Kotsovolos et al. [24] reported synovitis in the early postoperative period after meniscal repair with the FasT-Fix device in two patients. Hoffelner et al. [32] reported additional meniscal cysts in three of 27 patients on follow-up MRI.

In our research we reported short-term results and our sample size was small; longer follow-up and a large sample size are needed to justify the long-term effectiveness of the device in meniscal healing in stable and ACL-deficient knees, as well as to assess changes that may occur in the knee, whether meniscal healing is consistent over time, and identify and evaluate the factors that could help meniscus healing.


  Conclusion Top


Meniscal repair is the treatment of choice for vascular longitudinal tears of nondegenerated menisci. The knee should be stable or stabilized and well aligned. Proper bed preparation and meticulous surgical technique are essential.

The new all-inside repair devices are quick and easy and give equal results to the inside-out technique with no need for accessory wounds. It is important for every surgeon to use the instrument and devices correctly.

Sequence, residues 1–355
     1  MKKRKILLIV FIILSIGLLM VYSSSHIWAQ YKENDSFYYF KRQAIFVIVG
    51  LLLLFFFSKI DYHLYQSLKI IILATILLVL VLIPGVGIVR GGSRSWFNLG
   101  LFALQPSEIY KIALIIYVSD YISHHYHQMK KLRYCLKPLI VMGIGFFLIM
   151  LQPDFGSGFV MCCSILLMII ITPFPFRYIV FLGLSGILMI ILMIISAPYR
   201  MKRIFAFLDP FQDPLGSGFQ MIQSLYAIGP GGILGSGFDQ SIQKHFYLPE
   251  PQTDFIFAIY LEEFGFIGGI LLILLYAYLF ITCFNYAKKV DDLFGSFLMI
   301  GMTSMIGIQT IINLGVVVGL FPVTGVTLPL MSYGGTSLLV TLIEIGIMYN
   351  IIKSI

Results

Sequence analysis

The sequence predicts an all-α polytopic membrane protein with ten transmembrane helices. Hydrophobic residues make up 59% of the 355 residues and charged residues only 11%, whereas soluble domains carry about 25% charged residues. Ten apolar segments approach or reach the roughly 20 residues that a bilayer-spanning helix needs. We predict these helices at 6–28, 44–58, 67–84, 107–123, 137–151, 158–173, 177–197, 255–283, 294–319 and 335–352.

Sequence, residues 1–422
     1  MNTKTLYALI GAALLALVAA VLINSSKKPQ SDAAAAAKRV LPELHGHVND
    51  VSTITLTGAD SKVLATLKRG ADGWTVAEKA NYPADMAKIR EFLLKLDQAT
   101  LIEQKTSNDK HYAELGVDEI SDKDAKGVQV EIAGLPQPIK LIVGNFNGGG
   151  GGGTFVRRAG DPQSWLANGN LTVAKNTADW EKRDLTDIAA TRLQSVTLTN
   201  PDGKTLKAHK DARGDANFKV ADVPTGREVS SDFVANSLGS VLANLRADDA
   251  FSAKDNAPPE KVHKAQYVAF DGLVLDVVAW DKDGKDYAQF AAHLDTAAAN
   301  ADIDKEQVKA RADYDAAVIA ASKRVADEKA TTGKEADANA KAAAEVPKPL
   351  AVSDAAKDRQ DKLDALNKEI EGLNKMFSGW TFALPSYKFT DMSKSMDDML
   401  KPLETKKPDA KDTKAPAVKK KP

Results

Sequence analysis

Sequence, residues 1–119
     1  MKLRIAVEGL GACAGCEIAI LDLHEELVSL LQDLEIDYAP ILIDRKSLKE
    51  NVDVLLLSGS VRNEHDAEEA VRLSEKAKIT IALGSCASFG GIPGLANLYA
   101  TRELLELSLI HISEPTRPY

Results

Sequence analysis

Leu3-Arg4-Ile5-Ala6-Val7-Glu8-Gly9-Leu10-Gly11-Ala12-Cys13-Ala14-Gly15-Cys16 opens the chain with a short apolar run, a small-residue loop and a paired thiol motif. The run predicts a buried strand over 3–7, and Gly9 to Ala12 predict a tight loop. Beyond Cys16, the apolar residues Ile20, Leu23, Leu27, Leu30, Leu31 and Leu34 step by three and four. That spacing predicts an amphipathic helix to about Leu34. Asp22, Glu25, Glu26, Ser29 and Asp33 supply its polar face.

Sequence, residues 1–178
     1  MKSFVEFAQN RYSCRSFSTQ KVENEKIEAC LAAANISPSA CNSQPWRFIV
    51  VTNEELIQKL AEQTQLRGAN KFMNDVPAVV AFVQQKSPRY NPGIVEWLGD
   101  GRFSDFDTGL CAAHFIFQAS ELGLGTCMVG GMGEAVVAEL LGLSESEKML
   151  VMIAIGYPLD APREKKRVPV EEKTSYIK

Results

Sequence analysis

Better outcome was seen in the red-red zone, in cases of vertical longitudinal tear, when the tear length was less than 21 mm, and with ACL reconstruction. There were no differences in functional results on the basis of repair of MM or LM, acute or chronic injuries, and age.

The Fast-Fix meniscal repair system provides an all-inside method for meniscal repair. It appears to be a safe and effective procedure for the treatment of repairable meniscal tear with lower complications and high success rate.

Future work with a larger study group is needed for absolute determination of factors affecting the outcome. Longer follow-up is needed to study the long-term results of meniscal repair.

Acknowledgements

Nil.

Financial support and sponsorship

Nil.

Conflicts of interest

The authers declared that they have no conflicts of interest.

 
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    Figures

  [Figure 1], [Figure 2], [Figure 3], [Figure 4], [Figure 5]
 
 
    Tables